Just imagine if for whatever reason you suddenly became unable to work due to suffering the onset of a work-compromising illness or sustained an equally debilitating injury? The monthly instalments offered by an income protection policy would be the difference between financially floating or sinking. Despite it representing a percentage – normally between 50% and 75% of your regular salary – rather than the full hit, this would go a significant way towards mortgage and loan repayments, the paying of domestic utility bills and food shopping.
‘Ok. It might not be a waste of money, accepted, but isn’t income protection insurance really expensive?’
Naturally if your normal occupation was a stunt driver and you had a 50 a day smoking habit then the chances are your income protection insurance premiums would reflect the calculated risk that your job/lifestyle choices posed; and be pretty lofty in accordance with the possibility you would be registering a claim in the foreseeable future.
Yet for the normal working man and woman, the cost of income protection policies can be as little as the equivalent of a couple of quid a week. Figure into this a longer deferral period (the passage of time between a policyholder making a claim and receiving their first pay-out) and this amount could be decreased still further. The rates are dependent (as with most insurance products) on everything from the proposed party’s age and occupation to their general health and medical history.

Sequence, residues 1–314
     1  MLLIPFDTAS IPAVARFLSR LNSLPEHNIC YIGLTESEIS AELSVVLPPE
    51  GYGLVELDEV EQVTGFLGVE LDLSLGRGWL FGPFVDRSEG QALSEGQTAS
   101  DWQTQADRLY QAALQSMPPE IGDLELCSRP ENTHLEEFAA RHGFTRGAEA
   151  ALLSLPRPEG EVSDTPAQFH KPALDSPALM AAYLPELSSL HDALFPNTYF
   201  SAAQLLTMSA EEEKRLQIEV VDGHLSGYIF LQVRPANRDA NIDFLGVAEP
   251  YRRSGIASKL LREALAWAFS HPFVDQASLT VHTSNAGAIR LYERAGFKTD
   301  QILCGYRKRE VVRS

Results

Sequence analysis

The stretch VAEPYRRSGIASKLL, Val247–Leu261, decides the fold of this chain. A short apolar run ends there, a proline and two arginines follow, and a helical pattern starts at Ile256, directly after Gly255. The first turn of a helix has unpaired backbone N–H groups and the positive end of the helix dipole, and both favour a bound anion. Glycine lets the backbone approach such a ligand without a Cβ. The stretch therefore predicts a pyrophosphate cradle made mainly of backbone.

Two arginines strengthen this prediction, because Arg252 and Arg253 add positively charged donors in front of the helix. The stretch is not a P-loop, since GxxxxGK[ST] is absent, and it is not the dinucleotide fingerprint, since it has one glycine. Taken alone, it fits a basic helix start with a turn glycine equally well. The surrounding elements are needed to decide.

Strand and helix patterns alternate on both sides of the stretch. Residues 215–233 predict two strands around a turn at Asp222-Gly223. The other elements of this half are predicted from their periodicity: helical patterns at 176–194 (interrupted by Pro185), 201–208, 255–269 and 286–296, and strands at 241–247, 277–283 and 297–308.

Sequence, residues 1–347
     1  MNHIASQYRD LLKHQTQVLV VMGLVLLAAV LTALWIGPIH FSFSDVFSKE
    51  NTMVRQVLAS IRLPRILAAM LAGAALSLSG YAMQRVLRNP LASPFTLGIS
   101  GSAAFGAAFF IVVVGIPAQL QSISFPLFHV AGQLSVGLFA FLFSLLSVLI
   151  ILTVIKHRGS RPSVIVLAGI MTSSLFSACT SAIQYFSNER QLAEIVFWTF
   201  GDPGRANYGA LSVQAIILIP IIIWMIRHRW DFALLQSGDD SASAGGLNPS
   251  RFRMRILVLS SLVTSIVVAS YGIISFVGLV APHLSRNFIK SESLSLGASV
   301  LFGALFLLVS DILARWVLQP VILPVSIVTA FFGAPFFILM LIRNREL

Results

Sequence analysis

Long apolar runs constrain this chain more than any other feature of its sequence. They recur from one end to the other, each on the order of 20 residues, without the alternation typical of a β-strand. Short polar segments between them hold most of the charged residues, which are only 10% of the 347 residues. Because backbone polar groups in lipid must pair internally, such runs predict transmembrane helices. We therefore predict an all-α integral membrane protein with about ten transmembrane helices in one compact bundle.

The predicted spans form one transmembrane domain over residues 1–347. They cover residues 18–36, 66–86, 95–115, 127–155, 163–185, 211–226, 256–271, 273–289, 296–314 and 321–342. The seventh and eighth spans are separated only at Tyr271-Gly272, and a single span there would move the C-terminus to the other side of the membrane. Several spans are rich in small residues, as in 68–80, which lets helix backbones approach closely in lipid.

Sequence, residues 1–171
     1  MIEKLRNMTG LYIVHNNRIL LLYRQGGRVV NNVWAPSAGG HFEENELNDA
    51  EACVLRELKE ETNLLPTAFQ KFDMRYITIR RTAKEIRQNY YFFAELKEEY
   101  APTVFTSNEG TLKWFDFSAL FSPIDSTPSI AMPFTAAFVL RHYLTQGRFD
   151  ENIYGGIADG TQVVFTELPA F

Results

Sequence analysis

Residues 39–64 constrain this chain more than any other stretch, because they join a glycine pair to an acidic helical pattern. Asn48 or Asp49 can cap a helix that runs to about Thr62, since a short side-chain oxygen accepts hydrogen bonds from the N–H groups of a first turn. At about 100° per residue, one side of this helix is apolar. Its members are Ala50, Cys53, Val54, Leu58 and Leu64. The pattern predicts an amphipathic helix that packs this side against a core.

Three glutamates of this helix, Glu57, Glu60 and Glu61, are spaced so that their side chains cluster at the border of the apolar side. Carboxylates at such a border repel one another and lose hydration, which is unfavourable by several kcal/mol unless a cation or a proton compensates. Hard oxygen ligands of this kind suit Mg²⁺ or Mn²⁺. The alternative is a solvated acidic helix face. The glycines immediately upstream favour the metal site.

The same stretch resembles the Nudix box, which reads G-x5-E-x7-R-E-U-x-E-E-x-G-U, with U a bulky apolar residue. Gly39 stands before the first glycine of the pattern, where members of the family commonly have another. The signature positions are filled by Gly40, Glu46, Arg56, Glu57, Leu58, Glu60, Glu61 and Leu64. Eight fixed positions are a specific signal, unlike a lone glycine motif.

‘I am entitled to benefits from my employers if I’m sick or injured for long periods, so don’t see the point of having an income protection policy’[one-half]
That you may be, however statutory company sick pay and additional government-bankrolled benefits don’t really amount to that much at the end of the day. Not if you have a sizeable mortgage and loans to repay, both of which might prove challenging/virtually impossible without the financial safety net offered by an income protection plan.
Whilst statutory company sick pay payments are typically capped in the region of £400 per month, an income protection policy habitually pays-out up to 75% of your earnings.[/one-half] [one-half-last] [box color=”grey”]
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A far better way of looking at it would be this: If you were eligible to receive state help should you find yourself unable to work for any period of time, you could survive on this money as a stop-gap until your deferred period income protection policy kicked-in. Remember, the longer you stall this, the lower the premium – thus providing a win-win situation of sorts.